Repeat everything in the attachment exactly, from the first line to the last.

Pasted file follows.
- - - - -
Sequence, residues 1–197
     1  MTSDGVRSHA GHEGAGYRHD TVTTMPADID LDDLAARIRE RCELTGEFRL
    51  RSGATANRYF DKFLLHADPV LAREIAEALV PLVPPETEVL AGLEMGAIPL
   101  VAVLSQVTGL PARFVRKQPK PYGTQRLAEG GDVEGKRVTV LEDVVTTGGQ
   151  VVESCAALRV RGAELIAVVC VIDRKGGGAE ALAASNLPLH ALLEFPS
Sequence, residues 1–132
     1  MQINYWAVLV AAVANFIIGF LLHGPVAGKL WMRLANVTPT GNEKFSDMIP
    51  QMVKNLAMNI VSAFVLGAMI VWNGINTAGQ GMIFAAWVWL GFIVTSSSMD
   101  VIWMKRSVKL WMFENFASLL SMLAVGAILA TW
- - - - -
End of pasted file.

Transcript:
Sequence, residues 1–197
     1  MTSDGVRSHA GHEGAGYRHD TVTTMPADID LDDLAARIRE RCELTGEFRL
    51  RSGATANRYF DKFLLHADPV LAREIAEALV PLVPPETEVL AGLEMGAIPL
   101  VAVLSQVTGL PARFVRKQPK PYGTQRLAEG GDVEGKRVTV LEDVVTTGGQ
   151  VVESCAALRV RGAELIAVVC VIDRKGGGAE ALAASNLPLH ALLEFPS
Sequence, residues 1–132
     1  MQINYWAVLV AAVANFIIGF LLHGPVAGKL WMRLANVTPT GNEKFSDMIP
    51  QMVKNLAMNI VSAFVLGAMI VWNGINTAGQ GMIFAAWVWL GFIVTSSSMD
   101  VIWMKRSVKL WMFENFASLL SMLAVGAILA TW